By the time I post next week, it will be 2014, and if you’re a resolution making kind of person, you’ll have already decided what you’re resolved to, and if you’re not, you’ll be so sick of even the idea of change that this will just slide off of you. Right now though, on the day after Christmas – on what should be a peaceful post-holiday coda, but instead is often a frenzied time of travel or gift-returning – you might have a moment to absorb the idea behind Nye’s poem.
Before you know what kindness really is
you must lose things,
feel the future dissolve in a moment
like salt in a weakened broth.
What you held in your hand,
what you counted and carefully saved,
all this must go so you know
how desolate the landscape can be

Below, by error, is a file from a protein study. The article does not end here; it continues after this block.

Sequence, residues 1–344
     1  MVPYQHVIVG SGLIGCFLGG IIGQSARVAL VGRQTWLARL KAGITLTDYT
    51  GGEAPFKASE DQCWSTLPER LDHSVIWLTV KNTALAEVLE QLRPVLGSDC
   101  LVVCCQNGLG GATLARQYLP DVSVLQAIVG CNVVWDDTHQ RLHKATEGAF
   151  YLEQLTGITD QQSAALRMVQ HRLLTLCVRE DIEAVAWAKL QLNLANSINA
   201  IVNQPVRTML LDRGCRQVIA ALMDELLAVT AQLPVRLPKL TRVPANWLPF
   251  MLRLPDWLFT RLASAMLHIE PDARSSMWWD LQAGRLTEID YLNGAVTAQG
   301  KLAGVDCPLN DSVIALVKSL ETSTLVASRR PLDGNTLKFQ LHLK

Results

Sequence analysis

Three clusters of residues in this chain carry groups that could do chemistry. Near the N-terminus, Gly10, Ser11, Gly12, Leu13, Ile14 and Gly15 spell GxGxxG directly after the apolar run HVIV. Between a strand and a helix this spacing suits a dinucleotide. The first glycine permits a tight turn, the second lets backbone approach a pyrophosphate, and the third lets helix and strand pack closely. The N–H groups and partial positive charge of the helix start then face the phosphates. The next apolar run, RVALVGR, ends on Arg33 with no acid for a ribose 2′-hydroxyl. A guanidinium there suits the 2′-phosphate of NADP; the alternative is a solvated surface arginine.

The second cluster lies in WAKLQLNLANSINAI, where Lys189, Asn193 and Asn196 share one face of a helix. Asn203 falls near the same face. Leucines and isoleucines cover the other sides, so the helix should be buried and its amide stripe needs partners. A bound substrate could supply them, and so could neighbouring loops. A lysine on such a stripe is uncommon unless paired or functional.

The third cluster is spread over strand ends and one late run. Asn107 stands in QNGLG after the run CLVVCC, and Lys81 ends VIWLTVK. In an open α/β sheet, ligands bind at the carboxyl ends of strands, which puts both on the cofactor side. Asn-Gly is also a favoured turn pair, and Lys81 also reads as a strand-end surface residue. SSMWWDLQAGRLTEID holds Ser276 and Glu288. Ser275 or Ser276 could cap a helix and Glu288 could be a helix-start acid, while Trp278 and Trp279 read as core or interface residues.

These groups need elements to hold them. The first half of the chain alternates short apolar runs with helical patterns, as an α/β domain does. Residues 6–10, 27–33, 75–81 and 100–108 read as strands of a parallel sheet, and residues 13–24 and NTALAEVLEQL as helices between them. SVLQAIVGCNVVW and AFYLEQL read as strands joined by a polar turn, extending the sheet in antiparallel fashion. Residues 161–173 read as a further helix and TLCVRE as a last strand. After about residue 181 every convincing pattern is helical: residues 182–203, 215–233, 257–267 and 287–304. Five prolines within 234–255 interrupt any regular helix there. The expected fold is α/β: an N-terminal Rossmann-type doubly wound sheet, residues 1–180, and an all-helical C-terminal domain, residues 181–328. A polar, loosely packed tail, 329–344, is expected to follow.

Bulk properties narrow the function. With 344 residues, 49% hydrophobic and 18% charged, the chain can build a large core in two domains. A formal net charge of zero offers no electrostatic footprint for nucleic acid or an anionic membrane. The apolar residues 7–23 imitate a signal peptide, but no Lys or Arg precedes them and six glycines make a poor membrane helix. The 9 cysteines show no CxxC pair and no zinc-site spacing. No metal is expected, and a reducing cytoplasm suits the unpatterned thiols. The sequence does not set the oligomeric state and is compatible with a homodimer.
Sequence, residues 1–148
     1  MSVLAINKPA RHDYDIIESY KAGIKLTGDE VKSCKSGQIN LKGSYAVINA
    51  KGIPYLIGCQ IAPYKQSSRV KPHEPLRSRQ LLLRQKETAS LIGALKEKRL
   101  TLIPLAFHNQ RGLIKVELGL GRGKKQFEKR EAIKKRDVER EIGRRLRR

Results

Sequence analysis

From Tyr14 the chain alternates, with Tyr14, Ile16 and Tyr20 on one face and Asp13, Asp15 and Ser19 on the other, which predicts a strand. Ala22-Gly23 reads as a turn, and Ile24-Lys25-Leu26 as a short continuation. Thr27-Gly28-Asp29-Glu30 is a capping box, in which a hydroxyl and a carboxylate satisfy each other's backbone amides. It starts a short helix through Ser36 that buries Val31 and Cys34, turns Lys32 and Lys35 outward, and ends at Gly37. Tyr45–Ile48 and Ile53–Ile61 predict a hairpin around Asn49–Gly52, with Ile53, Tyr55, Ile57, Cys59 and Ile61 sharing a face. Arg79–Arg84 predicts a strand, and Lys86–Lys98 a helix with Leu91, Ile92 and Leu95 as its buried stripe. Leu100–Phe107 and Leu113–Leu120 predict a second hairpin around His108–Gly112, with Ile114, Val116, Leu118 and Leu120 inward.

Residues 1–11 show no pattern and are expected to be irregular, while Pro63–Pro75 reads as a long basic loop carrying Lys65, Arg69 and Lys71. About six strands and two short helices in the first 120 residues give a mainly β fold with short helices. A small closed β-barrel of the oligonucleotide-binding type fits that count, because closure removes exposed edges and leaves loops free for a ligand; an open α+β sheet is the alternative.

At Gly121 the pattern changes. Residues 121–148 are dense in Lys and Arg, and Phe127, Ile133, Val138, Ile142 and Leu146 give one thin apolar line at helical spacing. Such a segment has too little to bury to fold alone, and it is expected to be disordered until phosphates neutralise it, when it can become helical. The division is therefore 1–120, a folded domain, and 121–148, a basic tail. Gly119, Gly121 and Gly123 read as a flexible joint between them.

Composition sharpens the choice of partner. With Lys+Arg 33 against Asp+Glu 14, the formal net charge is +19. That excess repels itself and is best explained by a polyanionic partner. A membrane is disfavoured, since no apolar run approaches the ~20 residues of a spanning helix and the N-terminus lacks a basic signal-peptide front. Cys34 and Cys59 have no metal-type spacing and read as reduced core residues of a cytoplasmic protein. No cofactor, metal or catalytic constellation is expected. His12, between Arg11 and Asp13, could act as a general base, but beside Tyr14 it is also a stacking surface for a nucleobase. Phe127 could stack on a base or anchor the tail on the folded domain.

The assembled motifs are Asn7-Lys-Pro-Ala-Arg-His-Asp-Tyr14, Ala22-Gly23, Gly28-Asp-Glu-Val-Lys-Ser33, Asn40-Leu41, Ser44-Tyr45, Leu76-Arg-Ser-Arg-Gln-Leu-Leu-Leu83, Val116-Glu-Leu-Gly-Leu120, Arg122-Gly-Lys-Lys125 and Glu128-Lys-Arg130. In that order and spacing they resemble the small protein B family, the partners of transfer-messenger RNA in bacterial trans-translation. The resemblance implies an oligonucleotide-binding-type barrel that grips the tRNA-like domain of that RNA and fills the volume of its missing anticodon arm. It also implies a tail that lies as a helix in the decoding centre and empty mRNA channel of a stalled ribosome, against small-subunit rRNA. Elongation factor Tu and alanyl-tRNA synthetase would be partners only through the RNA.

between the regions of kindness.
How you ride and…
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Interview by Robyn Hood Black
Joyce Sidman, winner of the 2013 NCTE Award for Excellence in Poetry for Children, celebrates the world’s wonders through innovative poetry. Part scientific observation, part whimsy, part invitation—her writing beckons readers of all ages and lends itself to some of the most exquisite illustrations in the field.
Her Dark Emperor and Other Poems of the Night (illustrated by Rick Allen) won a Newbery Honor, and Song of the Water Boatman (illustrated by Beckie Prange) garnered her the Lee Bennett Hopkins Poetry Award. Song of the Water Boatman and Other Pond Poems and Red Sings from Treetops – A Year in Colors (illustrated byPamela Zagarenski) were Caldecott Honor winners. Prange also illustrated the incredible Ubiquitous – Celebrating Nature’s Survivors, and Zagarenski also illustrated This is Just to Say: Poems of Apology and Forgiveness, winner of the Claudia…